India and Myanmar have decided to exchange intelligence input in a timely manner to conduct follow-up investigations into cases relating to the seizure of drugs, new psychotropic substances and their precursors.

The decision was taken at the 5th India- Myanmar bilateral meeting on drug control cooperation between the Narcotics Control Bureau (NCB), India and the Central Committee on Drug Abuse Control, Myanmar held virtually on Friday.

The Indian delegation was led by the Director-General Narcotics Control Bureau Rakesh Asthana and the Myanmar delegation was led by the Commander of the Drug Enforcement Division (DED) cum Joint Secretary of the Central Committee for Drug Abuse Control Brig Gen Win Naing.

Asthana during the meeting highlighted issues particularly the trafficking of Heroin and Amphetamine Type Stimulants (ATS) in the country.

He said that the high prevalence of drug abuse in the northeastern states abutting the Myanmar border is a major cause of concern for India. Apart from the porosity of the India-Myanmar border, drug trafficking through the maritime route in the Bay of Bengal has emerged as a new challenge for both countries.

“NCB has remained committed to strengthening the existing mechanism of sharing information and assistance with Myanmar, for combating the drug menace in the region,” Asthana said.

The Commander of DED Brig Gen Win Naing elaborated on the growing threat of the production of Yaba tablets (methamphetamine) which has caused grave concern in the region, even though the cooperation mechanism between Myanmar and India has been enhanced over the past years.

He urged India to develop frequent information exchange on the trafficking of drugs and precursor smuggling activities at every level.

The Commander of the DED complimented the Government of India and the NCB for their continuous efforts to combat the growing threat of the drug menace.

Both countries agreed on the exchange of intelligence information in a timely manner to conduct follow-up investigations in drug seizure cases, new psychotropic substances and their precursors.

They also agreed to conduct Border Level Officers/Field Level Officers meetings on a regular basis between frontline officers to strengthen the existing cooperation on drug law enforcement.

It was decided to exchange information on illegal entry and exit points of illicit drug trafficking on the Myanmar-India borders and information on the technology being used to interdict drug trafficking.

The meeting also decided to hold the 6th India – Myanmar Bilateral Meeting on Drug Control Cooperation in India in 2021.

Credit: nenow.in

Mitsubishi Corp. wins $663m train car contract in Myanmar

Japanese trading house Mitsubishi Corp. will deliver new train cars that will shorten journeys on the Yangon Circular Railway and between Yangon and Mandalay. (Photo courtesy of the company)

Japan firm to deliver 246 cars for Yangon Circular and Mandalay routes

Mitsubishi Corp. has signed two contracts with Myanmar’s state-run railway, Myanma Railways, to deliver new rolling stock, the Japanese trading house said Tuesday.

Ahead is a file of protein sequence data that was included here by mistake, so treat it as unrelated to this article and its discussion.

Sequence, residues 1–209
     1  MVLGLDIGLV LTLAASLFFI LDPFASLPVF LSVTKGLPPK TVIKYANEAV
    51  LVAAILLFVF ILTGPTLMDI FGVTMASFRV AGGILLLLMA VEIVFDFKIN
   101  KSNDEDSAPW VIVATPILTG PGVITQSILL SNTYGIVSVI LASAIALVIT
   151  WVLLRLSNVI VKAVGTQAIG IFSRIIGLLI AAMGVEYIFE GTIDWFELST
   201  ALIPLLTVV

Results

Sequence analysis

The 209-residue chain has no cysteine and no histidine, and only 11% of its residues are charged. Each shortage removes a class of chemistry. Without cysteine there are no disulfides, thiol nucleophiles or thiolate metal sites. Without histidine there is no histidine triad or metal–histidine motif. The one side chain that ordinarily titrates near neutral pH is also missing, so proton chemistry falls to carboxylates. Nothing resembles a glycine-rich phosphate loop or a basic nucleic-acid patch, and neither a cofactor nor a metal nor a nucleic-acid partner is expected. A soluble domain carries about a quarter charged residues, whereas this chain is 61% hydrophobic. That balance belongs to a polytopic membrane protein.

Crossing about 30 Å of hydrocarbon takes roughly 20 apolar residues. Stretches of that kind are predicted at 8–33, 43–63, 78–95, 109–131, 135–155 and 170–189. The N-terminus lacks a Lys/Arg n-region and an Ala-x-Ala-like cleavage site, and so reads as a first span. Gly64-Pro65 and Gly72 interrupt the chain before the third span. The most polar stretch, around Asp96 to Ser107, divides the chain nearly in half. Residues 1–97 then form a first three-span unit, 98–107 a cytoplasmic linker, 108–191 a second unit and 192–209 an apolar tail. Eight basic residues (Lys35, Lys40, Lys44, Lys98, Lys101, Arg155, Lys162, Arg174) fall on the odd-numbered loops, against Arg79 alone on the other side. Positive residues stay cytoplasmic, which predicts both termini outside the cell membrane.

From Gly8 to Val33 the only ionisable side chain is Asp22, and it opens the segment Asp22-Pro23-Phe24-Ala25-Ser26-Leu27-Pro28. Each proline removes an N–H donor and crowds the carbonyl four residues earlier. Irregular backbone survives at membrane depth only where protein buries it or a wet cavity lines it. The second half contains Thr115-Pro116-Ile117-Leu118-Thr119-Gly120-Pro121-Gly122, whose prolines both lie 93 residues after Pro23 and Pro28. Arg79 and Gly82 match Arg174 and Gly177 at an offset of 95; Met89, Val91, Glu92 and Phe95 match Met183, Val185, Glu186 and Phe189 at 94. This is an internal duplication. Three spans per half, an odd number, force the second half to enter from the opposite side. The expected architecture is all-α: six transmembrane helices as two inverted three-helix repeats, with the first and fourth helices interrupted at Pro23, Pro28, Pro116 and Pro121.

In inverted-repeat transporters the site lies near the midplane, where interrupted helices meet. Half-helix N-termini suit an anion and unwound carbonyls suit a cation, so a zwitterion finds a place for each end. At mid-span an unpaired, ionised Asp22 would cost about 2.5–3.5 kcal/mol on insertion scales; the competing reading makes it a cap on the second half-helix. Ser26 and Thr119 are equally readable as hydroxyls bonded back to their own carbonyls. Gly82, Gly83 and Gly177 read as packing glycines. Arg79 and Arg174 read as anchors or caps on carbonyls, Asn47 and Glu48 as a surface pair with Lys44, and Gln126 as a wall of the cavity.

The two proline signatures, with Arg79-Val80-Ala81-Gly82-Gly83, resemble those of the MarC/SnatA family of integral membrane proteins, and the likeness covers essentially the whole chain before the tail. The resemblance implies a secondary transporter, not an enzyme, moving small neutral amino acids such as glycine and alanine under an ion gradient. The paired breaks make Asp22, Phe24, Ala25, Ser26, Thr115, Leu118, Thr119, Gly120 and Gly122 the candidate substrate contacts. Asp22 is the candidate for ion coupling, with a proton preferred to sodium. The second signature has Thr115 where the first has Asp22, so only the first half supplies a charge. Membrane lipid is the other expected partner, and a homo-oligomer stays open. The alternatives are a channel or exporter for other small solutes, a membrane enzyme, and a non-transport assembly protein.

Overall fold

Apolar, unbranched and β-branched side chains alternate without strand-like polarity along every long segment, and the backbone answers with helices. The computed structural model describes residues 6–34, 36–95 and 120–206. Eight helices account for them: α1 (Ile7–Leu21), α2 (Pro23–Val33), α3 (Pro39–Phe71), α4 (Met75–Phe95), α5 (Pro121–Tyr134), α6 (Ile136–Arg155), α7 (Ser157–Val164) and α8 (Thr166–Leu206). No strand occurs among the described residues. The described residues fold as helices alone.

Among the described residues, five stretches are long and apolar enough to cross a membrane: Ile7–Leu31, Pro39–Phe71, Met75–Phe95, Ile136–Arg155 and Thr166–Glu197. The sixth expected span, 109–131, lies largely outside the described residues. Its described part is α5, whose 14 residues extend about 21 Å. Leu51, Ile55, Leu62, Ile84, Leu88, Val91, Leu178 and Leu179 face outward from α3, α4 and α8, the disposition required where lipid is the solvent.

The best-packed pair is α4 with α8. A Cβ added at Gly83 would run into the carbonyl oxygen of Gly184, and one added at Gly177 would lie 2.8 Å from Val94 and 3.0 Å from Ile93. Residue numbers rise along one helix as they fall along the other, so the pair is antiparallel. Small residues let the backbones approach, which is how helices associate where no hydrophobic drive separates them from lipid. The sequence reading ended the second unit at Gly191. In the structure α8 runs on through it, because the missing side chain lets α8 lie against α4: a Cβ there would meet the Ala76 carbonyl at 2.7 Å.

The total cost of the two projects is approximately 69 billion yen ($663 million), which will be covered by an international yen loan agreement between the governments of Japan and Myanmar. The projects are part of the Japanese government’s railway infrastructure export drive.

Mitsubishi will deliver 66 cars for the Yangon Circular Railway, which runs in a loop in Myanmar’s largest city, and 180 cars for the Yangon-Mandalay Railway, which connects Yangon, Naypyitaw and Mandalay.

The new cars will shorten travel time on the 46-km Yangon Circular Railway from about 170 minutes to 110 minutes, and on the 620-km Yangon-Mandalay Railway from about 15 hours to around eight hours.

Construcciones y Auxiliar de Ferrocarriles, Spain’s leading rail car manufacturer, better known as CAF, will manufacture the train cars using Japanese equipment for part of its electrical systems and deliver the cars from 2023 to 2025.

Myanmar has been overhauling its national rail system, neglected during decades of military rule, starting with two major arteries pivotal to economic revitalization.

Work started in February 2018 to upgrade the Yangon Circular Railway. In addition to cutting travel time, the overhaul aims to boost service frequency by 40%.

The project has fueled development along the line in anticipation of a jump in commuters.

The redevelopment will extend to government-owned tracts surrounding Yangon Central Railway Station, the main stop on the loop. Along with a new domed transport hub next to the existing station, the site will house high-rise office buildings and shopping spaces. 

The country also envisions establishing urban subcenters along the Yangon Circular Railway. 

Meanwhile the improvement of the 60-year-old line between Yangon and Mandalay, the country’s second-largest city, would be a boon to the northern Mandalay region, home to the country’s main producers of agricultural products and natural resources. The line also runs through Myanmar’s capital, Naypyitaw.

Credit: asia.nikkei.com